Grade 3, 4, 5, 6, 7, 8, 9, 10, 11, 12 · Reading, Writing, Listening, Speaking, Math · 2 pages


Templates

5 Performance Levels: Rubric Template

A set of rubric templates that can be populated for multiple grade levels and content areas. Templates in this set include rubrics with five performance categories, with and without points.

Grade 3, 4, 5, 6, 7, 8, 9, 10, 11, 12 · Reading, Writing, Listening, Speaking, Math · 2 pages


Templates

List Form: Rubric Template

A rubric list template that can be used for grading purposes or to assist students in planning.

Grade 6, 7, 8, 9, 10, 11, 12 · Reading, Writing, Listening, Speaking, Math · 1 pages


Templates

Teacher Feedback: Rubric Template

A rubric template with space for teacher notes that can be used when providing extended feedback.

Grade 3, 4, 5, 6, 7, 8, 9, 10, 11, 12 · Reading, Writing, Listening, Speaking, Math · 1 pages


Rubric

Claim-Evidence-Explanation Rubric: 4 Points

This rubric provides a way to measure proficiency on student responses that prompt students to provide 2 pieces of textual evidence and explanation to support a claim.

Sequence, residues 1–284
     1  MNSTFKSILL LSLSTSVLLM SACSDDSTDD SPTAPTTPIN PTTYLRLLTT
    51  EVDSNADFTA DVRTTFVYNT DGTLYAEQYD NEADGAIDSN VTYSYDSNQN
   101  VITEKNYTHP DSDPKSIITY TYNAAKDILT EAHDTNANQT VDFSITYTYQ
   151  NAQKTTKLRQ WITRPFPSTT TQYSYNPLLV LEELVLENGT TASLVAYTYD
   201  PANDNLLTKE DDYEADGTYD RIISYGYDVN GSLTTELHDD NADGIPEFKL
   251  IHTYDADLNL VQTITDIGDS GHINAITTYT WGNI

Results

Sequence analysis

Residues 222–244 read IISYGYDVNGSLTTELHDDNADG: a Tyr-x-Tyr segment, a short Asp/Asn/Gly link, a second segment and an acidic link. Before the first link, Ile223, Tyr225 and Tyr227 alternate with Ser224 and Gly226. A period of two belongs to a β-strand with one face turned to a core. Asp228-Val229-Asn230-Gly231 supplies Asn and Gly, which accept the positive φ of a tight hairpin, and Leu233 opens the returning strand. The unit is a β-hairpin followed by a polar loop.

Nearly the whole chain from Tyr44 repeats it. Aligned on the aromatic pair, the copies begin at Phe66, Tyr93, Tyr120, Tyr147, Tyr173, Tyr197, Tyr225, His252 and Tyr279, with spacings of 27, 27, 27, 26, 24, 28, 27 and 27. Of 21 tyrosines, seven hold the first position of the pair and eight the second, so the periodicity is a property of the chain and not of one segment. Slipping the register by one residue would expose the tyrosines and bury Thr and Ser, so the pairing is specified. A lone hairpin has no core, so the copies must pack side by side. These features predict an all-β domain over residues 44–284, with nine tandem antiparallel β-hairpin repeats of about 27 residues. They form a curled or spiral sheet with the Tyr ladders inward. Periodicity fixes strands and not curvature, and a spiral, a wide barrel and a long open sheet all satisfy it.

Grade 6, 7, 8 · Reading · 1 pages


Rubric

Claim-Evidence-Explanation Rubric: 5 Points

This rubric provides a way to measure proficiency on student responses that prompt students to provide 3 pieces of textual evidence and explanation to support a claim.

Grade 8 · Reading · 1 pages


Implementation Tips

Online Tools
There are several online tools to help you create Rubrics for your classroom. Check out [[http://rubistar.4teachers.org/index.php | Rubistar]] and [[http://www.teach-nology.com/web_tools/rubrics/general/ | Teachnology’s General Rubric Generator]]. For pre-made CCSS-aligned rubrics, check out [[http://www.bie.org/objects/cat/rubrics|Buck Institute for Education's Rubrics]]